Cut out your photocopy and position it on top of some cotton balls or paper towels to protect your work surface from the marker ink. Don’t use too many layers, or else you will have difficulty transferring the image.
It’s best to use a paper towel under the photocopy itself because they aren’t very absorbent and may become damp and slippery while working on your project…which can cause problems later on if the drawing isn’t transferred properly (i.e., sliding around on your skin).
You will also need to leave room at the sides for folding back when you’re finished with this step; about 1/2 inch all around is usually sufficient.
Using a cotton ball or paper towel, apply to rub alcohol to the photocopy. Blot it dry with another cotton ball or paper towel using firm strokes in one direction only (no circular rubbing). Otherwise, you will create an uneven surface that may cause the transfer ink not to stick properly. Allow time for the Alcohol to evaporate completely before proceeding.
Spray some acetone nail polish remover onto a paper towel and fold it over onto itself several times to create a makeshift wipe. Apply it carefully to your drawing, then blot dry by pressing firmly with the cotton ball or paper towel in one direction only (see STEP 3 above).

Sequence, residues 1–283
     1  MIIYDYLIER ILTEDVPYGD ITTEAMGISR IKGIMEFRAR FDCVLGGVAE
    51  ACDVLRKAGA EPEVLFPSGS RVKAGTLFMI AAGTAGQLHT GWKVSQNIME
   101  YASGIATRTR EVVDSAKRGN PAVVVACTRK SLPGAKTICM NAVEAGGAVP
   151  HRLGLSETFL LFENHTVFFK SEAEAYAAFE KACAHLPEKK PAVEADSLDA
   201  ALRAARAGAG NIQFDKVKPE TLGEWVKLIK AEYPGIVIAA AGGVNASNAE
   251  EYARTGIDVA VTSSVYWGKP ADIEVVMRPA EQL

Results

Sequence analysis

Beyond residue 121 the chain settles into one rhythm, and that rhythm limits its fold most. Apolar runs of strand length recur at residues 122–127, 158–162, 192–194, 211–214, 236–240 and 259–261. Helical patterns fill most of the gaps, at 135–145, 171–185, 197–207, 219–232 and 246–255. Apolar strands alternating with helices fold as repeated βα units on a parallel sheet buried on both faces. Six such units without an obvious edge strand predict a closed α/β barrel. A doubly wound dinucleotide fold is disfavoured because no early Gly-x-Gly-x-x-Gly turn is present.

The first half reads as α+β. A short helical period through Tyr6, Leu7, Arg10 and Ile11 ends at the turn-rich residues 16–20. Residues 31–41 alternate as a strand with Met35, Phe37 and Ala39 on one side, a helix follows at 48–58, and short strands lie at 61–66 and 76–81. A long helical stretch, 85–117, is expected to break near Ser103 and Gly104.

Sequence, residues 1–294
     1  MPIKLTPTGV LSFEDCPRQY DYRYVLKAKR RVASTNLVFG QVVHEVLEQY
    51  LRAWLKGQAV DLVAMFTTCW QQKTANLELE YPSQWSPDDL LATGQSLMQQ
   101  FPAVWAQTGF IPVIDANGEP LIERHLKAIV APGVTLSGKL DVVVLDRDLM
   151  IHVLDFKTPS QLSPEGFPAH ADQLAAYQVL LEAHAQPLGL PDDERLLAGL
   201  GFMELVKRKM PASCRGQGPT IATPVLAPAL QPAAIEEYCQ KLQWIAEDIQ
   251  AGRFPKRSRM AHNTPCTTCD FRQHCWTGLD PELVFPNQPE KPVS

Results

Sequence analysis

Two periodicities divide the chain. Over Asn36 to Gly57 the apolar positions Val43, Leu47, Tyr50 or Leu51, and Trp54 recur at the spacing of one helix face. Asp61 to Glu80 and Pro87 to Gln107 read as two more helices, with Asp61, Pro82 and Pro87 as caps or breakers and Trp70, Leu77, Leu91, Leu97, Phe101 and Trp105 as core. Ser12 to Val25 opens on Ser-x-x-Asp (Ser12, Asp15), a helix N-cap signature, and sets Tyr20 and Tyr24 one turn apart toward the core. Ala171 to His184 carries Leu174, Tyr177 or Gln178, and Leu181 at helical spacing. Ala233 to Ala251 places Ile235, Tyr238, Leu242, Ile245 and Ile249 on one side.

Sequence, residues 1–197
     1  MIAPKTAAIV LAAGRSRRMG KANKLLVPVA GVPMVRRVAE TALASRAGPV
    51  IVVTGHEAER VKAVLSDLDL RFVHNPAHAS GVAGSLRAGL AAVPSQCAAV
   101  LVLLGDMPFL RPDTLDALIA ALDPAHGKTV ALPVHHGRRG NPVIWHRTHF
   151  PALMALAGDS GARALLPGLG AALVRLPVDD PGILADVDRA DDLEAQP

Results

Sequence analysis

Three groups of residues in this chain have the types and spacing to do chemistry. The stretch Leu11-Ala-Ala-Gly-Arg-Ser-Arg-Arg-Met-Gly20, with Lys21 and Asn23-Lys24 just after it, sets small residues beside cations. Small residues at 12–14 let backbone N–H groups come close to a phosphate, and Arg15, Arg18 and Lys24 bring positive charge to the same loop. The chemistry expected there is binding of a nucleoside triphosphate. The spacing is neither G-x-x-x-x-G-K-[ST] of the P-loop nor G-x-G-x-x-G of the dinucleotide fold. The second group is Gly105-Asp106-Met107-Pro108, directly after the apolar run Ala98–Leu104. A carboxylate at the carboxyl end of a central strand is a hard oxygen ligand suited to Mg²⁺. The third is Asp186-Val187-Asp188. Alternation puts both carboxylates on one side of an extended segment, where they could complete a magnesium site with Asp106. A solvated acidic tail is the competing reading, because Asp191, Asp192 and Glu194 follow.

You can substitute 100% pure acetone from a hardware store if you have problems finding it in a nearby pharmacy. It is expensive, though, and may cause skin irritation for some people because of its high chemical content.
Using the cotton swabs (or you can substitute your already cut pieces of paper towel), apply acetone nail polish remover to problem areas only…being careful not to smudge the drawing ink with your fingers or hand while working on each area.
Whatever method you use, be sure that no cotton fibers get left behind anywhere on your drawing; otherwise, they will show up as white specks on your tattoo when it’s finished and ruin an otherwise perfect piece of artwork!
I’ve tried using Q-tips but found that they don’t hold enough acetone and tend to leave cotton fibers behind. Cotton balls are better, but they’re too big to get into tight areas. Paper towels don’t have that problem but contain way too much acetone, in my opinion.
When the entire drawing looks clean (i.e., no white specs of paper towel, etc.), it’s time for the next step…which is very important! Tape your photocopy down onto some cardboard with the sticky side up so you can easily peel it off after everything dries completely.
This will prevent it from curling up on you while applying the transfer medium. Otherwise, your tattoo may end up crooked or uneven!
Using the transfer medium of your choice (see “Options” below), apply it evenly across the photocopy with a cheap paintbrush or plastic spoon. You can also use an old kitchen knife and spread it thinly on the back, but make sure to wipe off any excess before applying because it will soak through onto your skin and could cause chemical burns!
Also, make sure that it’s not too hot when you do this; otherwise, you’ll end up burning yourself (I know from personal experience!). Finally, of course, you can always reheat it in the microwave if necessary.
I hope this article has been beneficial for learning how to transfer drawing to skin without transfer paper. Thank you and have a nice day!